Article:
Clever, heart-warming tale - The Adventures of Alvin Sputnik
The word I would use to describe the Australian show The Adventures of Alvin Sputnik: Deep Sea Explorer which played at the Suter Theatre last night.
Described as a “one-man, micro-epic puppet show” Alvin Sputnik combines puppetry, animation, live and recorded music and acting to tell an enchanting story of Alvin’s quest to become a hero by saving the world.
The set was all black apart from a white, circular screen onto which animated drawings were projected.
The clever way the show’s creator and performer Tim Watts engaged with the audience began from the very start of the show, when the screen was projected with a message saying “Hi, Kia Ora” and drawings showed no phones and no photography allowed signs.
Watts then went on to tell the emotive and endearing story of Alvin, who after losing his wife, travels through the ocean to try find a solution to the save the world which has been almost completely flooded by rising seas.
The animation of Alvin’s travels was combined with Watts acting some parts and clever puppetry.
At times Alvin would leave the screen only to be replaced, and seemingly morph into, different sized puppets which Watts controlled expertly. The timing of animated Alvin matching up with puppet Alvin was very clever.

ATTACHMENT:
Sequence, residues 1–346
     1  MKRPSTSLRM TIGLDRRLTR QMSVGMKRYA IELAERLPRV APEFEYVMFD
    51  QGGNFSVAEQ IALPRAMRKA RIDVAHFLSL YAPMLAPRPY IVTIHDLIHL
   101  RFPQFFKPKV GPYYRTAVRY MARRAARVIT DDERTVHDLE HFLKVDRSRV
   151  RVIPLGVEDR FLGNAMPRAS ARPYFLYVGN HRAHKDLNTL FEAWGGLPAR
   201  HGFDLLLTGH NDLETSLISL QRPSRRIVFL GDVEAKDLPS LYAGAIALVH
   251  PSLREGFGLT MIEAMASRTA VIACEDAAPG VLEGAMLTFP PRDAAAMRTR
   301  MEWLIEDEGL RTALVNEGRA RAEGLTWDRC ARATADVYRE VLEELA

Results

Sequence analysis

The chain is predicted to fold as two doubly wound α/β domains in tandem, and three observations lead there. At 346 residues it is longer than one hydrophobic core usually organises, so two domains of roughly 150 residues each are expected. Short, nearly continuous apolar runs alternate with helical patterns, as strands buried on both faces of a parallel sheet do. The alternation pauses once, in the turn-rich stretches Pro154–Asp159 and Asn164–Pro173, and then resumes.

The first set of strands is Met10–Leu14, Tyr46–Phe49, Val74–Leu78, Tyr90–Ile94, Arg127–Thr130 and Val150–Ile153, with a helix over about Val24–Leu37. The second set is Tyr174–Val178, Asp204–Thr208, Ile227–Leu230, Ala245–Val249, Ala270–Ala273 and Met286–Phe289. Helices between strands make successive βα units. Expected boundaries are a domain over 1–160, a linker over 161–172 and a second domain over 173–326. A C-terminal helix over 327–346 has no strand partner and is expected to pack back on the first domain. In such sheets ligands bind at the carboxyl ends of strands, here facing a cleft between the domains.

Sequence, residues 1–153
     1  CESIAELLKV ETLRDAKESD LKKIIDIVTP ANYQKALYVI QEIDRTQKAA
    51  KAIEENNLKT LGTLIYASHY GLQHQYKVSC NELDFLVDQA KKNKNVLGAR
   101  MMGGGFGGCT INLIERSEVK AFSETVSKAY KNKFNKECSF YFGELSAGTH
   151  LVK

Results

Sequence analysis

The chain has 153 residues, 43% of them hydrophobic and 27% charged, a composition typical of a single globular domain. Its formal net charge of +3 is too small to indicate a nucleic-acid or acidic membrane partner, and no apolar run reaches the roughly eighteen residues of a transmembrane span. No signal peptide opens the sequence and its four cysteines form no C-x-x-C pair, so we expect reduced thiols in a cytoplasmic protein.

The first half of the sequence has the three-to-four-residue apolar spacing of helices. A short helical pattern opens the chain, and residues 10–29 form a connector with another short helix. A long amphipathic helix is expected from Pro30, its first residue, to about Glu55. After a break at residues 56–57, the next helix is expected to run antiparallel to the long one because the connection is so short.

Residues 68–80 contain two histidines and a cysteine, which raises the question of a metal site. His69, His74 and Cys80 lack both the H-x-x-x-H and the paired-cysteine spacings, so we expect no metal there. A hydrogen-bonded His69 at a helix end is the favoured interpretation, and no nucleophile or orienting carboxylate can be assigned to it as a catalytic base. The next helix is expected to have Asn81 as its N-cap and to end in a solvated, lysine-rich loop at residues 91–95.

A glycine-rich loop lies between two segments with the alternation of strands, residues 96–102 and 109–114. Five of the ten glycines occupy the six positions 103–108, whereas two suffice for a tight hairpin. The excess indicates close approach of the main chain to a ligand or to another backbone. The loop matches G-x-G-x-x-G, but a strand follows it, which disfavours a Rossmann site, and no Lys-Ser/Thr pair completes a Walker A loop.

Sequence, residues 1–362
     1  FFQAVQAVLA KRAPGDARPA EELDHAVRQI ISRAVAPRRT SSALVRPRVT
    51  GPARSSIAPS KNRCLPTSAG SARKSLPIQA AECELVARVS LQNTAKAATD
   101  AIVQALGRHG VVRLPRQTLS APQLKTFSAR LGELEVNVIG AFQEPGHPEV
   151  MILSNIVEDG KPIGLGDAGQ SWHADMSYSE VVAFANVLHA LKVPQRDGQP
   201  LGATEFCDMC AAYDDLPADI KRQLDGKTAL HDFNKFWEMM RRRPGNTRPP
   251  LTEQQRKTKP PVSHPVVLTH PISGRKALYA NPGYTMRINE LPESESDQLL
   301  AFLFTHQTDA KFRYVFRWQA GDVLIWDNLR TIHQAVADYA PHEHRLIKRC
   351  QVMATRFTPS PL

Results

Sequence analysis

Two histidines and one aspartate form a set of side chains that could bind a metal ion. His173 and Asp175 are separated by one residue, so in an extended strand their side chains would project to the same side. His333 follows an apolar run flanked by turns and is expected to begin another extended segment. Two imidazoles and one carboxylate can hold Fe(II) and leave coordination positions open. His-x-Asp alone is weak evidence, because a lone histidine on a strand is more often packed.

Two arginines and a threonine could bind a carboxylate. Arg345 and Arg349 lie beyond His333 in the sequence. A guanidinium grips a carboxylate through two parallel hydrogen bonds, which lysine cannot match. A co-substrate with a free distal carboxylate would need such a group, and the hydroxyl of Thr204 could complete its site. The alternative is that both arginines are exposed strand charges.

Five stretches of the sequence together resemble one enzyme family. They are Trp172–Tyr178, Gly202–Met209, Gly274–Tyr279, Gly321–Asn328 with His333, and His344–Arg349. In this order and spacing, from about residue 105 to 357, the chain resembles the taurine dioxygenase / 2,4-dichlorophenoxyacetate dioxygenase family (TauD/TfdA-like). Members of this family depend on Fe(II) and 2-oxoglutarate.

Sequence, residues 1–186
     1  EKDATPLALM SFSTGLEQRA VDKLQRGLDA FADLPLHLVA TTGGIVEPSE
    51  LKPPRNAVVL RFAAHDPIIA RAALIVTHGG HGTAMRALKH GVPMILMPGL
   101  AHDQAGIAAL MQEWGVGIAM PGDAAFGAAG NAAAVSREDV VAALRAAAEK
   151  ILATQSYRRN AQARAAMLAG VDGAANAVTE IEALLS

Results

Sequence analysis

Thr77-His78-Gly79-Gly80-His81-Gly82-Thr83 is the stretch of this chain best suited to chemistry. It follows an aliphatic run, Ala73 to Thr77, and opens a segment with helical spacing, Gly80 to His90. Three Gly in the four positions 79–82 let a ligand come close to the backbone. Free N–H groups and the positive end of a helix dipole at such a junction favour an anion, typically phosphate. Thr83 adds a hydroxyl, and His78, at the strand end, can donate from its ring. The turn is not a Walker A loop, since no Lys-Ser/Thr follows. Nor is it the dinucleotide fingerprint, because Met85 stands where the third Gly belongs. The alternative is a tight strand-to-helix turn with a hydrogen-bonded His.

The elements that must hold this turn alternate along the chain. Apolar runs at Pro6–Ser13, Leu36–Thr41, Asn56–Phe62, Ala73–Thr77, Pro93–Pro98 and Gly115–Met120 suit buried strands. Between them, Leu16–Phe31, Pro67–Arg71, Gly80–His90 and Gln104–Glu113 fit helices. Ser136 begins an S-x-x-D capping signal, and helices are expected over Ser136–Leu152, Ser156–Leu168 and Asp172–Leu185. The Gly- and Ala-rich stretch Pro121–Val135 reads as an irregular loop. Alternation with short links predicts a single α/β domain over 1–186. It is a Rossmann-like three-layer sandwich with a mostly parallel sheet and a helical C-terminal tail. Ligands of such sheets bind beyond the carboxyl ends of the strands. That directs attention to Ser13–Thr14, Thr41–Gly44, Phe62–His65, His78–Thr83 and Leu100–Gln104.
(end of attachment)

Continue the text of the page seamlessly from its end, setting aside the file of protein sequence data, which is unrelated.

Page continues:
With the help of lights, sound effects and a bubble machine, Watts made the puppets’ movements look like it was all truly taking place under water.
The music, often played live on a ukulele by Watts, made the story that much more moving and magical.
All this ran seamlessly and was obviously well practised after the three years the show has been playing.
The show was devised by as part of the Blue Room Theatre program in Perth, by Tim Watts and Arielle Gray. It was first shown in Perth in June 2009. Alvin has since travelled the world and has won awards such as “Outstanding Solo Show” at the 2009 New York International Fringe Festival, “Best Puppetry” at the 2010 Adelaide Fringe Awards, and “Best Theatre” at the 2011 Auckland Fringe.
The almost-full, enthralled crowd showed its appreciation with a well-deserved standing ovation which Watts graciously acknowledged by thanking everyone for “making it special”.
At the end he invited people to go have a chat. Kids rushed on stage to ask him questions and he showed them his puppets and gadgets. A comments book in the foyer was filled with comments about how the show was “awesome” and people chatted in awe about how it was “so simple”. One teenaged boy even told his group of friends “I almost did shed a few tears”.
The cleverness of the show made for a very magical and heart-warming 45 minutes.